Radiography

Radiography (x-ray) is an excellent diagnostic tool. Here at Dehler Animal Clinic we use various radiographic techniques to aid in diagnosis, as well as offering PennHip and OFA to evaluate dogs and cats regarding hip and elbow dysplasia.

PennHIP

The PennHIP method is a proven way to assess, measure and interpret hip joint laxity.It consists of three separate radiographs: the distraction view, the compression view and the hip-extended view. The distraction view and compression view are used to obtain accurate and precise measurements of joint laxity and congruity. The hip-extended view is used to obtain supplementary information regarding the existence of osteoarthritis (OA)  of the hip joint. (The hip-extended view is the conventional radiographic view used to evaluate the integrity of the canine hip joint.) The PennHIP technique is more accurate than the current standard, and it has been shown to be a better predictor for the onset of OA.

The radiographs pictured here are of the same dog, yet the hip joint laxties in each view look very different. Notice that the hips in the distraction view appear to be much looser than they do in the hip-extended view.

Distraction View Compression View Hip-Extended View

The obvious contrast in joint laxity between the distraction and hip-extended views demonstrates the fundamental difference between the two radiographs. The looser the joint on the distraction view, the greater is the chance that the hip will develop OA. The hip-extended view tends to mask true hip joint laxity because the joint capsule is wound up into a tightened orientation when the hips are extended. This explains why measurable joint laxity on the distraction view is always greater than the measurable laxity from the hip-extended view. In fact, distraction laxity is up to 11 times greater depending on the breed of dog under study.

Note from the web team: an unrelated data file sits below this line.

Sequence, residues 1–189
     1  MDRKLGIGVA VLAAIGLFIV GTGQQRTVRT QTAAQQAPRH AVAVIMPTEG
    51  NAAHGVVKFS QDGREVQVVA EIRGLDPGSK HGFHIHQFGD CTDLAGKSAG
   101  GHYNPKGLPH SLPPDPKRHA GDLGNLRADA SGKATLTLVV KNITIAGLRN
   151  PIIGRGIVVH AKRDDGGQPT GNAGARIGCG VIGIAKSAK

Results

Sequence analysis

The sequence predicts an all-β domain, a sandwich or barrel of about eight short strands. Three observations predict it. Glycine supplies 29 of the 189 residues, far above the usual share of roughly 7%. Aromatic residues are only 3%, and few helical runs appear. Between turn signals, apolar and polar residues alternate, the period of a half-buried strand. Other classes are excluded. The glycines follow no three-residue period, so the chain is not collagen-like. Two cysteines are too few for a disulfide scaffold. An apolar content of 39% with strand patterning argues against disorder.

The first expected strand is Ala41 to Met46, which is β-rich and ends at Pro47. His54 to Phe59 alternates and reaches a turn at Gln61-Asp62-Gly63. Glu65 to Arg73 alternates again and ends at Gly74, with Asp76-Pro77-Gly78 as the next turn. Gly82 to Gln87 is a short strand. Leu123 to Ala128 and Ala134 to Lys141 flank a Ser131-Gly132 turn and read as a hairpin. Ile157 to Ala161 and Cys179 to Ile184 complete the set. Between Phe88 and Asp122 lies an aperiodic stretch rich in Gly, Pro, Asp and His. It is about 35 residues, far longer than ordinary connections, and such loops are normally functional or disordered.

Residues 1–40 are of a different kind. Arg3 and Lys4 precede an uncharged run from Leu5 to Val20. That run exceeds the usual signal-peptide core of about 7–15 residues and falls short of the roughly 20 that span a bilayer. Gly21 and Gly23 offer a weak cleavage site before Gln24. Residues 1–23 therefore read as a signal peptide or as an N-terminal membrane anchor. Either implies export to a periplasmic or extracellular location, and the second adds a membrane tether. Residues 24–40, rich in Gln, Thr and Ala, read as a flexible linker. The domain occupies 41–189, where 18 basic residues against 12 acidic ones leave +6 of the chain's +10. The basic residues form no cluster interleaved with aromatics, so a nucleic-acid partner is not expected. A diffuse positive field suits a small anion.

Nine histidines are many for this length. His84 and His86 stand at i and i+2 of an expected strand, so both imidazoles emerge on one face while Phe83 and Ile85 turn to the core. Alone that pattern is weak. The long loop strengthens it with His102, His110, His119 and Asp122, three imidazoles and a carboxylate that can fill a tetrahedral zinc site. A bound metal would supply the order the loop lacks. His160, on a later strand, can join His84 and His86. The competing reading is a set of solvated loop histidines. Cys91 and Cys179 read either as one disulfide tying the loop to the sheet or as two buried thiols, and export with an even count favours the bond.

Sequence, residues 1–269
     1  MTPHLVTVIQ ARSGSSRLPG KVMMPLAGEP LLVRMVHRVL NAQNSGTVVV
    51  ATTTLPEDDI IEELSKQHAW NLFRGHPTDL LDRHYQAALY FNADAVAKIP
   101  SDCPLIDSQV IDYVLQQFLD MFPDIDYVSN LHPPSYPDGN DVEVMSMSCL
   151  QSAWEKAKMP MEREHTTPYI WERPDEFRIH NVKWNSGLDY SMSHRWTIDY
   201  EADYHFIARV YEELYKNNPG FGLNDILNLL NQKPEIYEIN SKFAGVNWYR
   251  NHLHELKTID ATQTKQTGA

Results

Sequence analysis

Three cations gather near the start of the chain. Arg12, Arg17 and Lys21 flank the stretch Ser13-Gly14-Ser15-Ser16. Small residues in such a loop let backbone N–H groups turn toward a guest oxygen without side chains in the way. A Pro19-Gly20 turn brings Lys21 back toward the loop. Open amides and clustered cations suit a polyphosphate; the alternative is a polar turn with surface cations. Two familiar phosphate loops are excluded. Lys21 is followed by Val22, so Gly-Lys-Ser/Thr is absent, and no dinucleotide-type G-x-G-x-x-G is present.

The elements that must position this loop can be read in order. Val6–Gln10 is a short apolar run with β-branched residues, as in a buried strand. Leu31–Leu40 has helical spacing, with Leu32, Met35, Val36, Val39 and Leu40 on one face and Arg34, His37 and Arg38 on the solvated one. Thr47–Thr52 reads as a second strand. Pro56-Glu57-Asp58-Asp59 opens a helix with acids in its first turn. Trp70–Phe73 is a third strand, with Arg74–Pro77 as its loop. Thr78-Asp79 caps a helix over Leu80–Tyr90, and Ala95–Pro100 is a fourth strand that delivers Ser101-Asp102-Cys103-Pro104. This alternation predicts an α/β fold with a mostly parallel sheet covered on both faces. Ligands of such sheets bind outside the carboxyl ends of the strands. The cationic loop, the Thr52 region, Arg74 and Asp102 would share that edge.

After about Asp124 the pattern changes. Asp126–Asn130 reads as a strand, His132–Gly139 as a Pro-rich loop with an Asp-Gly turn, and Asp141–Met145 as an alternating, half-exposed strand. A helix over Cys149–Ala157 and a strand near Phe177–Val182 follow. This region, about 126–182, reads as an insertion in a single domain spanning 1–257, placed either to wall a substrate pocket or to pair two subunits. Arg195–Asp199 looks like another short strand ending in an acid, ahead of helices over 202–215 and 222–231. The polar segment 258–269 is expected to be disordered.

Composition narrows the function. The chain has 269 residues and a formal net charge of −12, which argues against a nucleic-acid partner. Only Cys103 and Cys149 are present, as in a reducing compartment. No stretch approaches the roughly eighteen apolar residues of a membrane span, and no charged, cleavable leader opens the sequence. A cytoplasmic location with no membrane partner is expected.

The compression view is used to determine the “goodness of fit” of the femoral heads into the acetabula. In a hip with OA, the remodeling that occurs in the acetabulum and/or the femoral head, will often result in an ill-fitting “ball” and “socket”.

To summarize, PennHIP method:

  • Obtains OA readings from the standard hip-extended view
  • Obtains hip joint congruity readings from the compression view
  • Obtains quantitative measurements of hip joint laxity from the distraction view

Penn HIP retrieved January 2011 http://research.vet.upenn.edu/pennhip/PennHIPMethod/tabid/3328/Default.aspx

OFA

When a radiograph arrives at the OFA, the information on the radiograph is checked against information on the application. The age of the dog is calculated, and the submitted fee is recorded. The board-certified veterinary radiologist on staff at the OFA screens the radiographs for diagnostic quality. If it is not suitable for diagnostic quality (poor positioning, too light, too dark or image blurring from motion), it is returned to the referring veterinarian with a written request that it be repeated. An application number is assigned.

Radiographs of animals 24 months of age or older are independently evaluated by three randomly selected, board-certified veterinary radiologists from a pool of 20 to 25 consulting radiologists throughout the USA in private practice and academia. Each radiologist evaluates the animal’s hip status considering the breed, sex, and age. There are approximately 9 different anatomic areas of the hip that are evaluated.


  1. Craniolateral acetabular rim
  2. Cranial acetabular margin
  3. Femoral head (hip ball)
  4. Fovea capitus (normal flattened area on hip ball)
  5. Acetabular notch
  6. Caudal acetabular rim
  7. Dorsal acetabular margin
  8. Junction of femoral head and neck
  9. Trochanteric fossa

The radiologist is concerned with deviations in these structures from the breed normal. Congruency and confluence of the hip joint (degree of fit) are also considered which dictate the conformation differences within normal when there is an absence of radiographic findings consistent with HD. The radiologist will grade the hips with one of seven different physical (phenotypic) hip conformations: normal which includes excellent, good, or fair classifications, borderline or dysplastic which includes mild, moderate, or severe classifications.

Seven classifications are needed in order to establish heritability information (indexes) for a given breed of dog. Definition of these phenotypic classifications are as follows:

  1. Excellent
  2. Good
  3. Fair
  4. Borderline
  5. Mild
  6. Moderate
  7. Severe

The hip grades of excellent, good and fair are within normal limits and are given OFA numbers. This information is accepted by AKC on dogs with permanent identification and is in the public domain. Radiographs of borderline, mild, moderate and severely dysplastic hip grades are reviewed by the OFA radiologist and a radiographic report is generated documenting the abnormal radiographic findings. Unless the owner has chosen the open database, dysplastic hip grades are closed to public information.

Orthopedic Foundation for Animals retrieved January 2011 http://www.offa.org/hd_procedures.html